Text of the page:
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Infant Botulism – Why Babies Can’t Eat Honey

You’ve probably heard that feeding an infant honey is a no-no. Have you ever wondered why it’s not safe to feed babies honey? The reason is infant botulism – a rare but serious illness that may cause constipation, weakness and loss of muscle tone, a weak cry, weak suckling, and respiratory distress. In rare cases, babies with botulism can suffer from paralysis and even death.

Infant botulism is no laughing matter, and it’s caused by spores of the bacterium Clostridium botulinum. Botulism spores are found in honey products, soil, untreated water, and on the unwashed surfaces of fruits and veggies that are unpeeled. Unfortunately, these spores are hard to kill, because they are resistant to heat and some spores can survive boiling.Botulism spores are usually harmless to children over age 1. That’s because the microorganisms normally found in your intestine keep the bacteria from growing. A baby has an immature digestive system, which makes your infant’s intestines the perfect environment for the spores to grow.

When a baby accidentally swallows botulism spores, the bacteria can germinate into bacteria that colonize your baby’s intestines. As the bacterium multiplies, it produces a toxin, which is absorbed and causes infant botulism.

Signs and Symptoms of Infant Botulism

According to the American Academy of Family Physicians, 90 percent of the world’s cases of infant botulism are diagnosed in the U.S. It’s estimated that over 250 cases of infant botulism occur in the U.S. every year, but many cases go unrecognized.

Infant botulism usually occurs in young babies, between 6 weeks and 6 months old, however babies up to one year old can be infected.

Common signs and symptoms of infant botulism include:

  • Weakness and floppiness
  • Poor feeding
  • Constipation
  • Lethargy, or decreased activity
  • Weak cry and irritability
  • Respiratory and breathing problems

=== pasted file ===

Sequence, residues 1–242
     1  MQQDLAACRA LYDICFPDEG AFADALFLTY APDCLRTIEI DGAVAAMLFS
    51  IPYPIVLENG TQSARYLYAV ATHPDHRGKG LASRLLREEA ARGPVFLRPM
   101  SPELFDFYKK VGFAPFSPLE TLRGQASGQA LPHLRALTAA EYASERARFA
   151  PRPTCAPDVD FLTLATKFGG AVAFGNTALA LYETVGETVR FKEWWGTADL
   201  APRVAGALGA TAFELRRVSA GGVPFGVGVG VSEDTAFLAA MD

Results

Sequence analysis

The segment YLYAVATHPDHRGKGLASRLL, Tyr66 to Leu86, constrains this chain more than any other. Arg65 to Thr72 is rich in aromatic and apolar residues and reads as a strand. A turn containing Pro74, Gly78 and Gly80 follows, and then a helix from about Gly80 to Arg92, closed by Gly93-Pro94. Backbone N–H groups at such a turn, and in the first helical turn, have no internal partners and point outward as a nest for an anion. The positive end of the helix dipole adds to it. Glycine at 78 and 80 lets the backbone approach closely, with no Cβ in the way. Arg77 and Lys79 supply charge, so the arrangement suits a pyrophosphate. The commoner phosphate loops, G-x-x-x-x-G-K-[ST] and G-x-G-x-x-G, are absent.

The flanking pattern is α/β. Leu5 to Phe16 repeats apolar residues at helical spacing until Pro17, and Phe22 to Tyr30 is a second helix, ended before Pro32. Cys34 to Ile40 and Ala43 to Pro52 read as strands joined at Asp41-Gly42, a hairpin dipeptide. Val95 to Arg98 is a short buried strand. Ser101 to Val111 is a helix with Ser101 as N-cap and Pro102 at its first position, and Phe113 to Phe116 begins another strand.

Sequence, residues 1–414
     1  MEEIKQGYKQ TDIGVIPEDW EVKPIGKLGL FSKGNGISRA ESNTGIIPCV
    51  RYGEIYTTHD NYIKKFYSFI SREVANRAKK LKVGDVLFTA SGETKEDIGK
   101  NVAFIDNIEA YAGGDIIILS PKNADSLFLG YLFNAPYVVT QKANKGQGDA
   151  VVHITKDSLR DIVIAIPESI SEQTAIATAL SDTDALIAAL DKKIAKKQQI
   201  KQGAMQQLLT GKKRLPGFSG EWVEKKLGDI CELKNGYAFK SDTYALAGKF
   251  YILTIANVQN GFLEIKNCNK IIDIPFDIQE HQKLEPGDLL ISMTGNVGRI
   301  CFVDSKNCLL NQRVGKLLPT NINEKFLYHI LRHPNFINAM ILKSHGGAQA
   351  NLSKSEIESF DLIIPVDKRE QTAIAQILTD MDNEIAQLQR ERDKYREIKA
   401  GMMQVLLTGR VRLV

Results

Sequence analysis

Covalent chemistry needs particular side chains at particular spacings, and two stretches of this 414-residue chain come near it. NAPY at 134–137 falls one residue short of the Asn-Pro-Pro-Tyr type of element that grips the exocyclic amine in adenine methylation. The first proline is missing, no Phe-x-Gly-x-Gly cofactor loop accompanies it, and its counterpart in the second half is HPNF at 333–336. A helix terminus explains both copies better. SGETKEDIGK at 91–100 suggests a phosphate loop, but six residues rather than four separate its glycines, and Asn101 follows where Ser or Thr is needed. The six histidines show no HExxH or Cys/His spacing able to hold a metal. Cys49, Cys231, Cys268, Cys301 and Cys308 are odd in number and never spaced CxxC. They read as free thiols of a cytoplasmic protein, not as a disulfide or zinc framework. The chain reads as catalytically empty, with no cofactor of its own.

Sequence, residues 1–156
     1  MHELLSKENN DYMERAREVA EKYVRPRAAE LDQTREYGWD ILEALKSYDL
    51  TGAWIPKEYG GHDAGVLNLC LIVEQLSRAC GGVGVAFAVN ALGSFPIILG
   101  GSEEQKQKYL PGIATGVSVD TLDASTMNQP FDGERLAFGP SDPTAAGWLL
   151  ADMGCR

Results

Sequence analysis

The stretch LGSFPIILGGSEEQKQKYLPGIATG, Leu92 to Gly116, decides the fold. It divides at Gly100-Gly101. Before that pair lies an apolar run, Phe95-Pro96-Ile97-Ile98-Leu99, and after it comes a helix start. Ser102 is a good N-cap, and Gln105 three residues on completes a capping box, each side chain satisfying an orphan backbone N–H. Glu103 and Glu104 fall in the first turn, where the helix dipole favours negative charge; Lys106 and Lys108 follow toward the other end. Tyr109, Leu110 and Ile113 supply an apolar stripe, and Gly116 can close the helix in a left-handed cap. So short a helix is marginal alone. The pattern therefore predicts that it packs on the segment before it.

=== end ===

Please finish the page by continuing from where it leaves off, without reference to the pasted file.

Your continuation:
• Seizures

Symptoms usually appear between 3 and 30 days after the baby has ingested the spores. Constipation is usually the first sign that parents notice.

When infant botulism is treated in the hospital, the baby is given an antitoxin, called Botulism Immune Globulin Intravenous (BIGIV). In most cases, the infant makes a full recovery. In rare cases, permanent paralysis and death can occur.

Tips to Prevent Infant Botulism

While you can’t completely avoid the risk of infant botulism – because the spores can also be found in dirt, you can do your best to prevent your baby from ingesting it. One of the best ways you can protect your baby is by not feeding him any honey or honey products.

To be even safer, don’t cook with honey. Don’t feed your baby honey until he is at least one year old. Don’t use it any baked breads or pudding, and don’t use it any homemade baby food that you may make.

Researchers don’t know why some babies get infant botulism, while others don’t. But you’ll want to keep your baby healthy by avoiding any honey products for the first year of your infant’s life.

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About the author: DP Nguyen is founder and editor of Hip Chick’s Guide to PMS, Pregnancy and Babies. She’s an expert pregnancy and women’s health blogger. She is NOT a medical doctor and does NOT offer medical advice. Connect with her on Google+, Twitter and Facebook.

{ 11 comments… add one }
  • Angela T. May 21, 2013, 1:37 pm

    Thanks for the information, I’m hoping one of these days they’ll be able to find out more about at what temperature botulism spores are killed and exactly what honey-based products are okay for babies. Good thing honey isn’t a necessity, it’s more of a luxury!

  • Madeline Jones January 19, 2011, 10:48 pm

    I’m following back ! M @ Professionally Insane M . I LOVE LOVE your blog by the way…… I have been on here for half an hour reading about baby swinging ( horrifying! ) and this article 🙂 Thanks for the awesome posts!

  • Savvy and Sassy January 19, 2011, 11:32 pm

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    now following 🙂

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  • Donna January 18, 2011, 5:47 pm

    Great information – I knew honey was bad but had forgotten they why.

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